The first involved two motorbikes and a pick up truck. It looked like the two bikes had smashed into the back of the truck, putting quite a large dent in the tailgate. I came upon the accident, which happened in the lanes leading into town, and saw the pickup had pulled into the lanes leading out of town and had parked half on the road and half on the sidewalk. The two motorbikes were down on the other side of the road, looking pretty torn up. A couple of motorbike helmets lay in the road. As I drove slowly past, I noticed a large crowd of people surrounding the area, but ambulances and police hadn’t yet arrived, so this had just taken place. Then, I noticed a young lady, perhaps in her early-twenties, sprawled in the middle of the pavement. Her head was turned away from me, with her right cheek on the road, lying on her right arm with her left one behind her back. She looked pretty, from what I could tell, but, unfortunately, she looked quite dead. Usually at least a few people will be trying to help these accident victims, checking to see if they’re OK, comforting them while waiting for the ambulance, applying some makeshift first aid, or, sometimes, checking for a pulse. No one was near this victim, but many were looking at her from a respectful distance. I’ve ridden past a number of accident scenes in the last couple of years, but this is the first one that brought tears to my eyes. The victim looked so very much alone, lying in the middle of the pavement under a harsh street light. I can only imagine what her parents must have felt. With any luck, perhaps she was just knocked unconscious.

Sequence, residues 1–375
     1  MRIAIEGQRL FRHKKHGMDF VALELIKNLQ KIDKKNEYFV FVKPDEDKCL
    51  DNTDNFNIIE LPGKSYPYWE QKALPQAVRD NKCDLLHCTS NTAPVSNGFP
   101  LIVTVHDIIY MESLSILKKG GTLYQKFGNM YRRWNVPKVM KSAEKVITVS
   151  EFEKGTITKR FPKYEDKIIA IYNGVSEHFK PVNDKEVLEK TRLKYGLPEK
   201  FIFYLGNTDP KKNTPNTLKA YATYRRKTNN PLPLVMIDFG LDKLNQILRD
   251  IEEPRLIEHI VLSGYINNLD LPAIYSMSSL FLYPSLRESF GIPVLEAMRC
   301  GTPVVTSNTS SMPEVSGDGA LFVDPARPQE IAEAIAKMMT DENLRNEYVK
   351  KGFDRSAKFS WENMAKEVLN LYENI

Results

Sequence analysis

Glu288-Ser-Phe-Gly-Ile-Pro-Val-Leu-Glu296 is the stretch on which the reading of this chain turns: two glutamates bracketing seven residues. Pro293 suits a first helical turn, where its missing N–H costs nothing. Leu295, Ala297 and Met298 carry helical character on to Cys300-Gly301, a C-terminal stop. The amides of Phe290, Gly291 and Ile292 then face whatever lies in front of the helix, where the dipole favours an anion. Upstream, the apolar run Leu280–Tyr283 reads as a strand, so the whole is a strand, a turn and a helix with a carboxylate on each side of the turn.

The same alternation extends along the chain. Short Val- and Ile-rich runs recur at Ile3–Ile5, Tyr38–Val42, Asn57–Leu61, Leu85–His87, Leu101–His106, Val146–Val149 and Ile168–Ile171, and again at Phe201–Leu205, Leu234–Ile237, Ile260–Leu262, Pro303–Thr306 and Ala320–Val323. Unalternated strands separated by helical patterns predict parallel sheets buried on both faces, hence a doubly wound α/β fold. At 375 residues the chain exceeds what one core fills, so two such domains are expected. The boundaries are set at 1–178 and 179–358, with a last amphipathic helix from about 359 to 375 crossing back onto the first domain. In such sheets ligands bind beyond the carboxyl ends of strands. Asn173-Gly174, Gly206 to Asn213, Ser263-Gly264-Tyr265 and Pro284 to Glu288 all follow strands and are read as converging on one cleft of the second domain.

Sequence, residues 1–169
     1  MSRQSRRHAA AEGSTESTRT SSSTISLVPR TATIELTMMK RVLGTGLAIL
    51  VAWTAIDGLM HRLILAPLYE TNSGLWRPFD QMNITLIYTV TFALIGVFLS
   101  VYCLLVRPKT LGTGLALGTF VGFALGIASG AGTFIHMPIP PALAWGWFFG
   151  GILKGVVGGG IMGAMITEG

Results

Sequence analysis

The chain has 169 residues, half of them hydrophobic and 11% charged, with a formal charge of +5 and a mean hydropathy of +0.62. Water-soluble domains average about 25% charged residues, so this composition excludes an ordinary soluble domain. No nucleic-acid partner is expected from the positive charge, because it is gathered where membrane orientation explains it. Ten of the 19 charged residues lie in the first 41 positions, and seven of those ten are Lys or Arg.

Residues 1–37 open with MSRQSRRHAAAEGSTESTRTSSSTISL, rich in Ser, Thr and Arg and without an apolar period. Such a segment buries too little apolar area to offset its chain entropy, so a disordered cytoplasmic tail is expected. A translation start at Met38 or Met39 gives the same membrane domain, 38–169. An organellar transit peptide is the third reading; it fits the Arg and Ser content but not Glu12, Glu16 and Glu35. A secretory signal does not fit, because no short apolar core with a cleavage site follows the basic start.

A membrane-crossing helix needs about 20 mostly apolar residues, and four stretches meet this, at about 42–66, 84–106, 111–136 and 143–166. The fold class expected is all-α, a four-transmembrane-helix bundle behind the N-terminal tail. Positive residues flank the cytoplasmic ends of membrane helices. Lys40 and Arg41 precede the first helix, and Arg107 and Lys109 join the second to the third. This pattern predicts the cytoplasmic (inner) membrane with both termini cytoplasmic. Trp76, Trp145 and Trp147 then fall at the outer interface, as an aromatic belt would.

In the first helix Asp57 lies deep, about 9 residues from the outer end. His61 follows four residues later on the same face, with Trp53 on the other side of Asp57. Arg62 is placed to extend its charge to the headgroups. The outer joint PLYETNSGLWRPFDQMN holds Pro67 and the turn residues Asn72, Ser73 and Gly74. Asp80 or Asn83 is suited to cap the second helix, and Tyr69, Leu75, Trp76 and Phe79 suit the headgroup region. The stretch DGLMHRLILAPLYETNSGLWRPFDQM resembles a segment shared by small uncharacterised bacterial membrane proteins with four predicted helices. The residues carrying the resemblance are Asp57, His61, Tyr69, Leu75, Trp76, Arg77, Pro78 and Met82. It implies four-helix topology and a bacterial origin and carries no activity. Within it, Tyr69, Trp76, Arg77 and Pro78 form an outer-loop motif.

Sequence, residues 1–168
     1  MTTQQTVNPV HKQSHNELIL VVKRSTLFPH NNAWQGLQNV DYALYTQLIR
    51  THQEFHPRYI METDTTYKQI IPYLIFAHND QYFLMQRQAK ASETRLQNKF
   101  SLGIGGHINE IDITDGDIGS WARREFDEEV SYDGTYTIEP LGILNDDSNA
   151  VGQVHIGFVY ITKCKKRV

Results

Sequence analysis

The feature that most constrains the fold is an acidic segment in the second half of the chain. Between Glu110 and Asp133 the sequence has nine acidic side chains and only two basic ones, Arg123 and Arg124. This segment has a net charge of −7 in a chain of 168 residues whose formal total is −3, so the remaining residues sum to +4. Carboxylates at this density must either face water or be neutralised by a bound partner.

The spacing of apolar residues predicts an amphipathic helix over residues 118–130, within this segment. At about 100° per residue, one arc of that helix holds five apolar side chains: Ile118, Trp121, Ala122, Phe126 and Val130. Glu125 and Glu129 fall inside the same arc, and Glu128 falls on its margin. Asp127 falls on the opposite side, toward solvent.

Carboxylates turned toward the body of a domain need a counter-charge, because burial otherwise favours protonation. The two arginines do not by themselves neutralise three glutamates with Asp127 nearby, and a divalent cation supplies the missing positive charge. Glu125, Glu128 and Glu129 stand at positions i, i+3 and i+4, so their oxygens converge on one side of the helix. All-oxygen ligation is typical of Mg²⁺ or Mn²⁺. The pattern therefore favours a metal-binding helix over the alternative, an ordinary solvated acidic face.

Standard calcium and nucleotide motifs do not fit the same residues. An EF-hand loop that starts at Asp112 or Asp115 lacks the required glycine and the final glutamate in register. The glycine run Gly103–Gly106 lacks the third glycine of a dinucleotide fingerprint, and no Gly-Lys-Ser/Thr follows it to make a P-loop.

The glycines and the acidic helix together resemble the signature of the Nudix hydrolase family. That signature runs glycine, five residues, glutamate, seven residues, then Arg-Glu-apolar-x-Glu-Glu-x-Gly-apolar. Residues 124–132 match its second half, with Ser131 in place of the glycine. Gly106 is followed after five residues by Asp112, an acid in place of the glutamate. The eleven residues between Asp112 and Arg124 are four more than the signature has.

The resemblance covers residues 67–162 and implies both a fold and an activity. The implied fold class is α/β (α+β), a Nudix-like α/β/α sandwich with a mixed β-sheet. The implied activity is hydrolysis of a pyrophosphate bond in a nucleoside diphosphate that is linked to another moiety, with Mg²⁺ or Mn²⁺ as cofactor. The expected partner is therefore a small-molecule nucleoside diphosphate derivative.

The other accident happened about a week later only a few kilometers down the road. Again, two motorbikes were involved, and it looked like they had smashed into each other. As I came upon the scene, I saw one guy, wearing a helmet, limping heavily to the side of the road with the aid of a bystander. Another man lay face down on the pavement, no helmet on, and a man was checking for his pulse on the side of his neck. The bystander stood up and walked away. I don’t know if the victim was dead or just unconscious, but I think the former. I went slowly and carefully on my way, though I don’t take time to dilly-dally and gawk, like many other people do. Again, this had just happened, probably no more than a minute before I passed through the area, which is right across the road from a karaoke bar that is usually very crowded. Of course, many motorbikes and cars are parked there, and, of course, many people get quite drunk there. I’m always extremely careful when I drive through the area because of the number of cars and motorbikes entering and leaving, and because of the number of drunks I’ve seen staggering down the middle of the road.